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Robot of the Week: Tweenbots

Robot of the Week: Tweenbots

By Astiles  on May 07, 2009

New Adventures in Human-Robot Interaction
Act 1, in which our hero attempts to traverse the urban landscape


[A small, cardboard, slightly humanoid ROBOT with bright red wheels and a Sharpied smiley face rolls carelessly through a New York City park. The hustle and bustle of the city does not seem to deter him, while pedestrians yammer on their mobile phones and bundle up from the cold.

    ROBOT: motor whirring

[A PASSERBY is inexplicably drawn to the adorable bot, and leans in close to read the sign - a flag, upon a pole - superglued to the bot, that reads "HELP ME! I am trying to get to the southwest corner of Washington Square Park with your help. aim me in the right direction and I'll get there eventually."

the directions

    PASSERBY: You can’t go that way, it’s toward the road. Here let me help you little robot.

[The PASSERBY lifts the ROBOT from its tiny wheels - still spinning - and sets him down gently in the opposite direction. ROBOT continues on his journey, away from the road, but into what may be certain doom.]


[Some time has passed since ROBOT regained his direction, but a pothole threatens to disengage him from his desired path. Motors still whirring, he continues, lemming-like, his death wish turned inward to shake off this mortal coil.]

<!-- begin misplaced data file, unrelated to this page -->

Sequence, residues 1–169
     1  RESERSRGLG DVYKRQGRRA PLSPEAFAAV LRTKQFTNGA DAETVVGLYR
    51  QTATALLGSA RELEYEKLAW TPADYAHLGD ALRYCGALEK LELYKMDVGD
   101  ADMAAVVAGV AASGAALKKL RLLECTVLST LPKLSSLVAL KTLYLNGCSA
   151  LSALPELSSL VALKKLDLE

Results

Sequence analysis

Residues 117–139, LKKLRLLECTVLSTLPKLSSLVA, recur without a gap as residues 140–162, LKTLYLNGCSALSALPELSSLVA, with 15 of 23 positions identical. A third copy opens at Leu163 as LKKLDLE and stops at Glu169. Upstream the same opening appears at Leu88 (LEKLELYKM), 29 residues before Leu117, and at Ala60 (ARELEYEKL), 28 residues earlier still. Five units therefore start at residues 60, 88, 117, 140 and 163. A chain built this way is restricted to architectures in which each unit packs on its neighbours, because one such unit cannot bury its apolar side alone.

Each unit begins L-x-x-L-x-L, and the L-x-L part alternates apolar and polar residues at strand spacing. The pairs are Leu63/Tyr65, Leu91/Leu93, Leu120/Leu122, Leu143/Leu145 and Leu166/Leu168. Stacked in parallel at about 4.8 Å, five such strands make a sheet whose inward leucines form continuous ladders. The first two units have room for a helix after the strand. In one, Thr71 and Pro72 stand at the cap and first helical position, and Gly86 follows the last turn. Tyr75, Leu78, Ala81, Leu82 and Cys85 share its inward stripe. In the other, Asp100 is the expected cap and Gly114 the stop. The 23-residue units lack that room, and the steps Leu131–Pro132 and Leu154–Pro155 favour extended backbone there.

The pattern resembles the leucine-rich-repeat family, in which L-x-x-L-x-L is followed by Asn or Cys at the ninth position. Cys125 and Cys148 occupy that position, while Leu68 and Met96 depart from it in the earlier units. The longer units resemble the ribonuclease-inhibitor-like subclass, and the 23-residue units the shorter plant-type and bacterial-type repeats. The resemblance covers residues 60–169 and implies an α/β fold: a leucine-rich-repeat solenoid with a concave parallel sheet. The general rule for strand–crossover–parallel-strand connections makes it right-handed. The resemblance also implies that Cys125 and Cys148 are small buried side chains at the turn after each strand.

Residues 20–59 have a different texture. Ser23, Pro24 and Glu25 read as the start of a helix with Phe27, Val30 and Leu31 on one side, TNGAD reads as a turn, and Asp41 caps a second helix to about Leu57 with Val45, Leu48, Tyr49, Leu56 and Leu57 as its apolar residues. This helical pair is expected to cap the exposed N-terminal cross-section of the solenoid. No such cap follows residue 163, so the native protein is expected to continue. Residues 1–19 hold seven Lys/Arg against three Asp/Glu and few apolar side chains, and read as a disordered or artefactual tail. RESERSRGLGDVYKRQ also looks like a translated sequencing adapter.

ROBOT: motor whirring.

[Dissonant string music plays.]


[No! Our hero has fallen prey to the rough concrete jungle, his wheels locked, motor burning, as he falls headfirst into a nasty pothole.

Suddenly, and inexplicably, a human hand reaches from the air, lifting ROBOT from his asphalt trap, and rights him on his wheels, pointed due southwest toward his goal.

Our little hero, you see, relies on the kindness of strangers, challenging the relationship between human and machine, and between human and human. Twenty nine people will help ROBOT on his path across the park, and in just under 3/4 of an hour he will reach his destination, with no mind of his own to guide him. Think of it as crowdsourced driving, albeit at a very slow speed, all motivated by protecting the well-being of an anthropomorphized cardboard machine.

And all is well in Robotland.


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